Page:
Tesla Model 3s Heading to Germany Look like Lambs to the Slaughterhouse

It's common practice for car companies to take the competition's models and dismantle them in the merciless way possible. Despite what it might look like, it's not a weird anger management technique, but rather a process that allows them to get to know their rivals a bit better.
Tesla Model 3 bound for Germany 5 photos
Photo: Elektromobilität Sachsen
Tesla Model 3 bound for GermanyTesla Model 3 bound for GermanyTesla Model 3 bound for GermanyTesla Model 3 bound for Germany
Whenever there's a more advanced product, we can begin talking about "reverse engineering," a method that takes things apart in order to uncover how they were made. After the Second World War, Japan did this with electronics from the U.S. and Europe, and we all know who sold the most TVs and HiFis a few years later, so it actually works.

Nothing keeps a company from buying another manufacturer's product off the shelf, just like any other regular customer would, finding its secrets and using them to improve its own (as long as they're not patent-protected, of course). Which is why so many of them are doing it.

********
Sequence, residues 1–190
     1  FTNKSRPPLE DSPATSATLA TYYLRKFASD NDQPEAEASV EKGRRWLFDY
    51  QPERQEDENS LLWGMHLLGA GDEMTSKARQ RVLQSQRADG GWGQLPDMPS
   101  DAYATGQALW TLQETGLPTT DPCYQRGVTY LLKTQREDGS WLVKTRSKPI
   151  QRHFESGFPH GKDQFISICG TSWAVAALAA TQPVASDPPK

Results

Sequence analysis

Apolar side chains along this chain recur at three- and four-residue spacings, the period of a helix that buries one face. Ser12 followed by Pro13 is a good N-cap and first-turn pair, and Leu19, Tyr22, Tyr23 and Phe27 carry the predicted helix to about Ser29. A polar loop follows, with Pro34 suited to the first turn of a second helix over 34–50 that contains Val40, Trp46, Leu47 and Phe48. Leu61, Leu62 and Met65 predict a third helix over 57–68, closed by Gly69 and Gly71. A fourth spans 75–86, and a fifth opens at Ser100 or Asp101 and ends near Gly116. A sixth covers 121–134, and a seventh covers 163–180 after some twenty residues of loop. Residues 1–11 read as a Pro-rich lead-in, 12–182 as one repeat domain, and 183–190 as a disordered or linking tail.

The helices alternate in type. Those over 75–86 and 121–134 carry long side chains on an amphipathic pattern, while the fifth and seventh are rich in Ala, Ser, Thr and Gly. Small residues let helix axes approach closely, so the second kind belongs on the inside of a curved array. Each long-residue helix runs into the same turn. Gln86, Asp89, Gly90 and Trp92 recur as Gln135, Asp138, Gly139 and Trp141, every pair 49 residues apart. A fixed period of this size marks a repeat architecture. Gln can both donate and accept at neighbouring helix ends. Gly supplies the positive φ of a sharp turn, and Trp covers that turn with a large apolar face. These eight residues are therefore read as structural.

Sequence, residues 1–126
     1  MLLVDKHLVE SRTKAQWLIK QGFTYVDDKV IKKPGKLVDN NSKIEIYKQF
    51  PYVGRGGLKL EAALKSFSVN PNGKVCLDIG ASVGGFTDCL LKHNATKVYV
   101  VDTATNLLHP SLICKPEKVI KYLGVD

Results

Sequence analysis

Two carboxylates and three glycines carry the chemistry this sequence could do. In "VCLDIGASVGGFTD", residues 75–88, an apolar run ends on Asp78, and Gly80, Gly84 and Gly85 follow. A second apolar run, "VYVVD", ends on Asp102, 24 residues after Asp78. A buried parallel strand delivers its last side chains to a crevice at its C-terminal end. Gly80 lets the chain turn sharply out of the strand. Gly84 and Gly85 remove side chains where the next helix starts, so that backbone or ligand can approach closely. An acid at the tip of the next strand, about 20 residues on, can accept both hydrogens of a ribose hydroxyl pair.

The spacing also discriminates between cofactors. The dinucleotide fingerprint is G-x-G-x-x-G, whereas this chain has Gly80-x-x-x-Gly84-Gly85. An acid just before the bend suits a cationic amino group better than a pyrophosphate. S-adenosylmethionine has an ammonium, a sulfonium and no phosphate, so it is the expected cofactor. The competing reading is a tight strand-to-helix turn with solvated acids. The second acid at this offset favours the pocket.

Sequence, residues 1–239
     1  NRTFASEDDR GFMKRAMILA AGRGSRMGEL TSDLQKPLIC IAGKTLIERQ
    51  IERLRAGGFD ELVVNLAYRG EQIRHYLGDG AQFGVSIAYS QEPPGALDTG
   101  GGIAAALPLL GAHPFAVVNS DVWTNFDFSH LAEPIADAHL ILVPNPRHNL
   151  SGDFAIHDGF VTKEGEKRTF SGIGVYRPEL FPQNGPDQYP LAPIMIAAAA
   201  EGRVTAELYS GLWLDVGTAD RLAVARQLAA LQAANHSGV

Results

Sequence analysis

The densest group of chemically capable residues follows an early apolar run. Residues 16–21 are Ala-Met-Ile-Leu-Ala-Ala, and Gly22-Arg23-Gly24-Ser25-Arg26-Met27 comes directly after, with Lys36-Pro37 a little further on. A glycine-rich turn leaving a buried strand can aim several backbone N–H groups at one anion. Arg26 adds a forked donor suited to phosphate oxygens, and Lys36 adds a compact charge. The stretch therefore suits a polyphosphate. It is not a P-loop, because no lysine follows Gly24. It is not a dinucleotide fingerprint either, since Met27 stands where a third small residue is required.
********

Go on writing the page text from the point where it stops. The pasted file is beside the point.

In the automotive world, there are even deals between brands that send their new products to rival companies on their own, with the favor returned whenever possible. Tesla, however, does not have such understandings, so any carmaker looking to procure a Model 3 at this point would have to get creative.

When the first of Tesla's latest sedan showed up on Craigslist for huge sums of money, we said the first likey customers willing to pay that much might be other car companies looking to get their hands on one as early as possible. There's no confirmation of anything like that happening, but these pictures showing two Model 3s strapped inside an air freighter on its way to Germany have just shown up on Facebook.

They were posted on a group called Elektromobilität Sachsen from where they were picked up by Electrek. The number of German parties who would be interested in dissecting the Model 3 is very high, with almost every major manufacturer involved in launching at least one electric model over the coming years. The stickers reference to Leipzig (which, even though far away from Bavaria, is an important BMW hub) and Stuttgart, which is home to both Mercedes-Benz and Porsche. Could this be a double delivery to the two most famous German car brands? Whatever the case, these particular Model 3s don't look too cheerful about it, and knowing what's around the corner for them, that's the correct attitude.
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About the author: Vlad Mitrache
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"Boy meets car, boy loves car, boy gets journalism degree and starts job writing and editing at a car magazine" - 5/5. (Vlad Mitrache if he was a movie)
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